ShowBrands - Branded Entertainment

Product Placement Glossary


 


 

A

  • Ad-Creep is the notion that advertising messages are methodically entering into more and more of our daily lives beyond traditional mediums.
  • Added Value is any benefit a media outlet can provide its advertisers that go beyond simply running space at rate-card prices.
  • Advergames is the viral marketing technique of using games as a vehicle for creating brand awareness, driving internet traffic, and promoting products and services.
  • Advertainment Branded Advertising or Brandvertising.
  • Advertiser Funded Programming is when an advertiser creates content (which they sponsor) in isolation from a broadcast and airs during program time not commercial time. Also known as sponsored vignettes.
  • Advertisers is the manufacturer, service company, retailer, or supplier who advertises their product or service.
  • Advertising Agency is the agency responsible for an advertiser's creative or account work.
  • Advertorial is an advertisement promoting the interests or opinions of a corporate sponsor, often presented in such a way as to resemble an editorial.
  • Aided Recall Recognition is a research method frequently used to determine what consumers remember about an advertisement they have seen or heard.
  • Air Date is the broadcast date in which a television program, commercial or product placement is scheduled for broadcast on a television station or network.
  • ANA (Association of National Advertisers) is a membership organization representing 300 companies with 8,000 brands dedicated exclusively to marketing and brand building.
  • Aspirational Programming is a genre of unscripted television programming whereby viewers are inspired by the altruistic nature of the content. This style of programming has let to the rebuilding of lives, homes and even communities in the wake of unfortunate events.
  • Awareness Factor is a ratio based on viewer’s awareness and recall to content vs. their awareness and recall to the commercials in the same show.

B

  • Background Placement is a product or brand placed in the background of a scene in a television program or film.
  • Billboards is an outdoor sign or poster; (2) Sponsor identification at the beginning or end of a television show.
  • Blipverts is a term that suggests both the quickness and pervasiveness of an advertising message. The term comes from an episode of ABC's Max Headroom, and was coined almost 20 years ago.
  • Brand Alignment refers the appropriateness or "fit" of a product placement in relation to the a particular character, scene or venue.
  • Brand Character is developing and communicating specific brand qualities and attributes within the content of a scripted or unscripted program or film. Subtle in nature, this product placement treatment is often reinforced by traditional media communications such as commercial messages.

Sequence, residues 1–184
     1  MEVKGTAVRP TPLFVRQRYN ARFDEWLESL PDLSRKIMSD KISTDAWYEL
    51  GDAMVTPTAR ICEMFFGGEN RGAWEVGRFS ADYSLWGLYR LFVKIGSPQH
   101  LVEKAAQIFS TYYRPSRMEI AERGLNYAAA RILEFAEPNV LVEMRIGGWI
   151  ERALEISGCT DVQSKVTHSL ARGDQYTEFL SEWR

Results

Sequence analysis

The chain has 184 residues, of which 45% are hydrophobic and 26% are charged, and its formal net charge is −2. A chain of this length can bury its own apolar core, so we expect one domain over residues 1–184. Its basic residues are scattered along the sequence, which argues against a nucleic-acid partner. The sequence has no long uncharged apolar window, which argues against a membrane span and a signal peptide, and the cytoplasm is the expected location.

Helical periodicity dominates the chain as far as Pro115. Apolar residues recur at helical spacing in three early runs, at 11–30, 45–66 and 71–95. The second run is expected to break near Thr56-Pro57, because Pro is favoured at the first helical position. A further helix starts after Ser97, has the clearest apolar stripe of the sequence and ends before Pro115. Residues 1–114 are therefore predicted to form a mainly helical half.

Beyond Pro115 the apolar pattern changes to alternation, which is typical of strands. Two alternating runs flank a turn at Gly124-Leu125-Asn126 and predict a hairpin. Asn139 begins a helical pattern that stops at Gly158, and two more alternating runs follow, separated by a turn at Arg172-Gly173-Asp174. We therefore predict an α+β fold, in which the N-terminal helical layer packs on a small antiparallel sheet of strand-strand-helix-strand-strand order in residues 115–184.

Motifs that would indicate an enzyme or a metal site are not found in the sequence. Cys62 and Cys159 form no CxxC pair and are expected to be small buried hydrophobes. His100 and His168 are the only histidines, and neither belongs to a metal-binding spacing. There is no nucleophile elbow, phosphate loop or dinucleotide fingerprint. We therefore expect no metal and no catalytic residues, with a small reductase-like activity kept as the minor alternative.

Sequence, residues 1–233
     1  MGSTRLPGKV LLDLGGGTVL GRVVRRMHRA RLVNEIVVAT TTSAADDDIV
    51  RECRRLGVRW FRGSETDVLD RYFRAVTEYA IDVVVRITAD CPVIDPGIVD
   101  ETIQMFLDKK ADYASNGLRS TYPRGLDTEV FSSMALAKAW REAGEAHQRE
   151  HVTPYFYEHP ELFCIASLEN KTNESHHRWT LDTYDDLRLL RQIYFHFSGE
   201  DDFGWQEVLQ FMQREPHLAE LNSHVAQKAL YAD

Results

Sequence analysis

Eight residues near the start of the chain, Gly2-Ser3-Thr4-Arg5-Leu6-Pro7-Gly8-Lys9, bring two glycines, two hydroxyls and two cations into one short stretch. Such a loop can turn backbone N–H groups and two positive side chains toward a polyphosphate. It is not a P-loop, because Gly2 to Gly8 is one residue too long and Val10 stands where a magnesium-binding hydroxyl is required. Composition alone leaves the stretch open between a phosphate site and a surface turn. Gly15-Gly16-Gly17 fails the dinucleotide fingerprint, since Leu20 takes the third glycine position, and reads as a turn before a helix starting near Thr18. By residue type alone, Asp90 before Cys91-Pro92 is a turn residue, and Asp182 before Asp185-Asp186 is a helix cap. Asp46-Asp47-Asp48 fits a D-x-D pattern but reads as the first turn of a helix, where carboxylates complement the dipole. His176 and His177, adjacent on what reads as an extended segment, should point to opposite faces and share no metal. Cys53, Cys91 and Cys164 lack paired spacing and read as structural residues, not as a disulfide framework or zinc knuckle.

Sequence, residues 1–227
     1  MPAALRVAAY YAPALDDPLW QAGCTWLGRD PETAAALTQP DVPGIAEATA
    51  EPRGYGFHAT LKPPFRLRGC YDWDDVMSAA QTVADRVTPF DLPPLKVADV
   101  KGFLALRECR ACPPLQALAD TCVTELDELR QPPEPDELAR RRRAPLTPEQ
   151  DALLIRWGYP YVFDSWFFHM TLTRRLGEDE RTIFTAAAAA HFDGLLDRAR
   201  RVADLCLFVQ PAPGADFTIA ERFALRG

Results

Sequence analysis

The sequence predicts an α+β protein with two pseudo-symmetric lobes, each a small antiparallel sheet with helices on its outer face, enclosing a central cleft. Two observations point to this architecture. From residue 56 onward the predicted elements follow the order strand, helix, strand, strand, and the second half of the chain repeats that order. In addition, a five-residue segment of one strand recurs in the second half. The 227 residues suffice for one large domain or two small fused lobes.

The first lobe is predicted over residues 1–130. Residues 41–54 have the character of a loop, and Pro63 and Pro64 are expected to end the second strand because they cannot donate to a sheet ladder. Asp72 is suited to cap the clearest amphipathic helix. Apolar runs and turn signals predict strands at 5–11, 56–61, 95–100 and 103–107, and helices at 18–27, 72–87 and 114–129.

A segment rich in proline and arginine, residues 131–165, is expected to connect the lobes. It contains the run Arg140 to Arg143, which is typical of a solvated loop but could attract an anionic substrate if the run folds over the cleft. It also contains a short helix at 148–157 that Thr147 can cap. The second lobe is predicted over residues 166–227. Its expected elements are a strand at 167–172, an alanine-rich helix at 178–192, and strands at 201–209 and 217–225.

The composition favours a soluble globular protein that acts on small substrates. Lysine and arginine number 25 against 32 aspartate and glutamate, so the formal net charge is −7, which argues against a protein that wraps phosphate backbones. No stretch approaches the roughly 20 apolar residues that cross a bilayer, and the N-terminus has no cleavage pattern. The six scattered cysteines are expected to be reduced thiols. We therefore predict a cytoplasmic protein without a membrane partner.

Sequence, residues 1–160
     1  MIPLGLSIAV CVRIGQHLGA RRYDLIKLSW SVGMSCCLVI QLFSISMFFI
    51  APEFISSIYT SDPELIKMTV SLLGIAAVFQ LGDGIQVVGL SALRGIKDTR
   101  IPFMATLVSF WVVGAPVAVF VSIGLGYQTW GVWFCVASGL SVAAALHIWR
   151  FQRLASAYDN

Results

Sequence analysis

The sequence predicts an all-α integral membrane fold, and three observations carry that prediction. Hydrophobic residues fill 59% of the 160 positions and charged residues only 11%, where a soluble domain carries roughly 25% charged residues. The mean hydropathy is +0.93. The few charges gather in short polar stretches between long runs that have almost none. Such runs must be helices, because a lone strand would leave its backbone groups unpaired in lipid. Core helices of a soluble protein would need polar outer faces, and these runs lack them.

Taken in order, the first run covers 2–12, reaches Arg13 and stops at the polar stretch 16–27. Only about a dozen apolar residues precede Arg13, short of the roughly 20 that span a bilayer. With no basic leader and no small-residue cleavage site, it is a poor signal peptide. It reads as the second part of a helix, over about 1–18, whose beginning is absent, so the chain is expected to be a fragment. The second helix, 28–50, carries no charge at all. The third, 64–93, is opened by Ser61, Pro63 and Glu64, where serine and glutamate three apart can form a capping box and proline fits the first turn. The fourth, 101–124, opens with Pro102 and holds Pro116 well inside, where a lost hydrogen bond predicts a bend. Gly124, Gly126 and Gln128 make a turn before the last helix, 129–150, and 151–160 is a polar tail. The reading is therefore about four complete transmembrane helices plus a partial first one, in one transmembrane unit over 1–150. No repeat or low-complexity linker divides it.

• Brand Engagement is the moment for the viewer when the brand detaches itself as a “sponsor” and becomes a seamless part of the content and story.
  • Brand Loitering is when the brand exceeds its welcome within the framework of the content and does not represent a natural fit.
  • Brand Recognition is the extent to which a brand is recognized for stated brand attributes or communications.
  • Branded Entertainment is a method for advertisers to get their brands noticed in an era where new technologies such as digital video hard drives (TiVo) allow consumers to tune out traditional advertisements. It typically involves embedding a brand within a television program, film, video game or other entertainment medium. See also Brandvertising or Advertainment.
  • Brandvertising See Branded Advertising or Advertainment.
  • Brick and Mortar is located or serving consumers in a physical facility as distinct from providing remote, especially online, services.
  • Broadband is high-speed transmission. The term is commonly used to refer to Internet access via cable modems or DSL, which is faster than dial-up.
  • Bumper Shot is a commercial message that airs between programming and the TV
  • commercials.

C

  • Celebrity Endorsements is when an actor in television or film implies use of a product or brand creating validation and credibility.
  • Channel Surfing is the practice of quickly scanning through different television channels or radio frequencies in order to find something interesting to watch or listen to.
  • Clarity is the degree of visual / audio clarity of a product on television or film.
  • Clutterize is the practice wherby consumers are inundated with advertising messages beyond traditional venues (television, film, web) and into places where they have never been reached before (email, bathrooms, elevators, store floors, gas pumps, etc.)
  • Cognitive Rejection Factor is the escalating need to escape traditional advertising methods on television as a result of constant exposure to all forms of advertising throughout the day. This rejection is activated in the form of multitasking when commercial breaks begin. Product placements counter this effect because a viewers awareness to content is much greater that their awareness to commercials in the same show.
  • Commercial Alert is a non-profit organization created to monitor the amount of commercial messages on television to protect those it views as vulnerable.
  • Commercial Avoidance is the cognitive decision to avoid interacting with commercial messages delivered by television programmers or other distribution sources.
  • Commercial Clutter is all of the extraneous non-program elements within a given program or time period, e.g., program titles, billboards, station promos, commercials, network identification, local station identification, public service announcements, etc. In product placement terms, when many brands compete for the viewers attention in a given television or film scene.